French Wines: Bouchard Père et Fils Réserve Bourgogne Rouge 2011
The holidays are a time for food, family and, of course, French wines. Not surprisingly, during this season of giving I can often find myself a bit cash-strapped. For this month, I therefore wanted to choose a wine that was not only palate pleasing but also wallet friendly: Bouchard Père et Fils Réserve Bourgogne Rouge 2011. Short of dropping Gaspard Ulliel down your chimney in a Père Noël suit with a box from Tiffany’s, I can think of no better holiday cadeau.
Founded in 1731, Bouchard Père et Fils is one of Burgundy’s oldest wine estates. Though the Bouchards began purchasing vineyards in 1791, the domaine was historically considered a négociant rather than a producer of wine. In the past, négociants such as Bouchard, Faiveley and Drouhin were buyers of bulk wines who matured them in their own cellars and then bottled them under their own label. Wine cognoscenti typically considered their wines less desirable compared with those of smaller grower-producers.
Over the past few decades, however, there has been a vast change in the quality and, therefore, the perception of négociant wines. These days, négociants typically purchase grapes rather than finished wines and vinify them alongside grapes from their own vineyards. Bouchard is no exception. In the expert hands of winemaker Philippe Prost, and with the finances of the champagne house Henriot (owners of the domaine since 1995) behind them, Bouchard Père et Fils produces a wide spectrum of Burgundian wines, from north to south, red and white, and grands crus down to regional wines.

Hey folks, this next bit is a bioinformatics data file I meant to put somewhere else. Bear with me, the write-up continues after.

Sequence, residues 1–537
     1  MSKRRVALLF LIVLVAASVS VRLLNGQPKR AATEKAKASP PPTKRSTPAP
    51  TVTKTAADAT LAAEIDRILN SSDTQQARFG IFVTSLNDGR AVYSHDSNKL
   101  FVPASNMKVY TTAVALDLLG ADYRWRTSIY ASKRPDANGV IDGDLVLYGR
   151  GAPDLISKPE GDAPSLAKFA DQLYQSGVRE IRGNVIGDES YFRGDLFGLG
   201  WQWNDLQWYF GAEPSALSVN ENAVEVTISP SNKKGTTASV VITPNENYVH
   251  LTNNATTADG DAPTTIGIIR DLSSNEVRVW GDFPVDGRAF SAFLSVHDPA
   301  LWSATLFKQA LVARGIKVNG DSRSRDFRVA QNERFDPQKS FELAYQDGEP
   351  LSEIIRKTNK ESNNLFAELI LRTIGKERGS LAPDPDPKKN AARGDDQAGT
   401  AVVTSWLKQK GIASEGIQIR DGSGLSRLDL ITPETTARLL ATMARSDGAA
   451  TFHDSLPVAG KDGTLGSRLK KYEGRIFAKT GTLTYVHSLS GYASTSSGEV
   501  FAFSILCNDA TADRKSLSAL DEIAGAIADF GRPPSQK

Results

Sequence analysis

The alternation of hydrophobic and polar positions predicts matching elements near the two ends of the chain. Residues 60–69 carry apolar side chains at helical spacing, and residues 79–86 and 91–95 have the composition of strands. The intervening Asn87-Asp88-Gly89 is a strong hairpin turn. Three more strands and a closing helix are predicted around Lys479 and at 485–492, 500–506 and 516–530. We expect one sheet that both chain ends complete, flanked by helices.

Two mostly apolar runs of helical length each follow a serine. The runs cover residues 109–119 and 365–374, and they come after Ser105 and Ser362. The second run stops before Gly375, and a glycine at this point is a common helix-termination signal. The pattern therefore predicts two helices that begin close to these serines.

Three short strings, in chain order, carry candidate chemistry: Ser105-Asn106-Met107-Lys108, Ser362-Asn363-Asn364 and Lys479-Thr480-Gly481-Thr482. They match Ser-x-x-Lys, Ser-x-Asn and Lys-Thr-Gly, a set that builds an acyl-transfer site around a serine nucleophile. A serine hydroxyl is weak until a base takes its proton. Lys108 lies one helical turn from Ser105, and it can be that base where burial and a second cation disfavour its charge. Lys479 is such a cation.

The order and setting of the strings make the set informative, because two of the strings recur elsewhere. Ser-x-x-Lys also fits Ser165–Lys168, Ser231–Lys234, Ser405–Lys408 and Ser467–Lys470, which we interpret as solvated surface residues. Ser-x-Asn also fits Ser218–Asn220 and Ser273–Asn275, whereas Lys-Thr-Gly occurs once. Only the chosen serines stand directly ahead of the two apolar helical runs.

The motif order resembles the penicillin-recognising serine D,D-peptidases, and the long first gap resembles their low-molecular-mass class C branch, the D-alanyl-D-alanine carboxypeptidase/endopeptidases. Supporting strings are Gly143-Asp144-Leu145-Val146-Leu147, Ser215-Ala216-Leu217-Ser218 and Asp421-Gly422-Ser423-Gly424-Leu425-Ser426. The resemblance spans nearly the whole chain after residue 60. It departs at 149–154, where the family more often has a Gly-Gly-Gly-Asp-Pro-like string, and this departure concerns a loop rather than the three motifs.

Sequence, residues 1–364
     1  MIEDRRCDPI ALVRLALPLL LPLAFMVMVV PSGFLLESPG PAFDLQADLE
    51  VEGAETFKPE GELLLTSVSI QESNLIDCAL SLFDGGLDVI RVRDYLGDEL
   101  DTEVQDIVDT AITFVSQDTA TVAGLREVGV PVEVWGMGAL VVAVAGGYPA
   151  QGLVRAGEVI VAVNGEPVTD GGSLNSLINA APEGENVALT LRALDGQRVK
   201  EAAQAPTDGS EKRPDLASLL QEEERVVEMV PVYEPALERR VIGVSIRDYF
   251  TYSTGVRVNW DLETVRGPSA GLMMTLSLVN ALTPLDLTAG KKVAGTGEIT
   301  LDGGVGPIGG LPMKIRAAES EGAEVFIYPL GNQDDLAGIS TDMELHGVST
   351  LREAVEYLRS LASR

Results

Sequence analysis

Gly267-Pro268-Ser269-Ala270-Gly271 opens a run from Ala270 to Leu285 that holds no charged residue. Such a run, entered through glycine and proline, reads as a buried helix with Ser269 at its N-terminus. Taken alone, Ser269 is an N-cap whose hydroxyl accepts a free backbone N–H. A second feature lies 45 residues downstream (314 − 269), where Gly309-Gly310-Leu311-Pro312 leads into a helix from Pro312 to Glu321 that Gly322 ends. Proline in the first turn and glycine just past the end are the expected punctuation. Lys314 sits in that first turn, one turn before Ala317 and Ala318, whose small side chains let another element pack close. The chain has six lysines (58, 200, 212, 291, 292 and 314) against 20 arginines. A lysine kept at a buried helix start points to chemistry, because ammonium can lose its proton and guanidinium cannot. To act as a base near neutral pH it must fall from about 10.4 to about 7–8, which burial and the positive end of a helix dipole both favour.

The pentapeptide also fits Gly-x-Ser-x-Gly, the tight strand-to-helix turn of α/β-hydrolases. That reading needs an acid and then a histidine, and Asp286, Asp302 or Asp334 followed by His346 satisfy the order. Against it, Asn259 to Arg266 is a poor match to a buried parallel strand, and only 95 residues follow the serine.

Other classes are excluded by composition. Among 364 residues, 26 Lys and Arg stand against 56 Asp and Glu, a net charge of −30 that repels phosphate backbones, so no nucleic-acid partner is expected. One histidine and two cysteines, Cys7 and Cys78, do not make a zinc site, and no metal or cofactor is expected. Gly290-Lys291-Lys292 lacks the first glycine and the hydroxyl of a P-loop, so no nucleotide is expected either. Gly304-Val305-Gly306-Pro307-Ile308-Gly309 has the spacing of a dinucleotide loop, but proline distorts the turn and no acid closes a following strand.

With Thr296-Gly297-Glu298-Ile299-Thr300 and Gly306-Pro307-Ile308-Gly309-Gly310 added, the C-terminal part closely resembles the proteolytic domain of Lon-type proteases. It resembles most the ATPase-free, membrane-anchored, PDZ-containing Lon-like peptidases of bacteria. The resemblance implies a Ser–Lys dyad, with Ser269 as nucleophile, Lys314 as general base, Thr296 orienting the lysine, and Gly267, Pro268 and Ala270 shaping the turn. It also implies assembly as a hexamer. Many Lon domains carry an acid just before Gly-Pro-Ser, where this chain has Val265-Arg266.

This month’s wine, the Réserve Bourgogne Rouge 2011, is the Toyota Camry of wines: reliable, pleasing and affordable. The palate is pure red fruit with a hint of sweet Christmas spices; initial flavors of cranberries and strawberries give way to a candied-apple finish. Delicate enough to be paired with a vegetarian entrée such as mushroom risotto or mushroom pâté, the pinot noir is earthy enough to hold its own with a pork or chicken dish as well.
Bouchard Père et Fils should not be confused with wines from Bouchard Aîné, the domaine founded in 1789 when the oldest Bouchard son split from his father. Look for the Bouchard crest on the label—two wolves’ heads and a red shield—as well as for the logo of the stately Château de Beaune, still the headquarters of Bouchard Père et Fils. Widely available, well-priced and charmingly pleasing to the palate, the Bouchard Bourgogne Réserve will be welcome on anyone’s holiday table.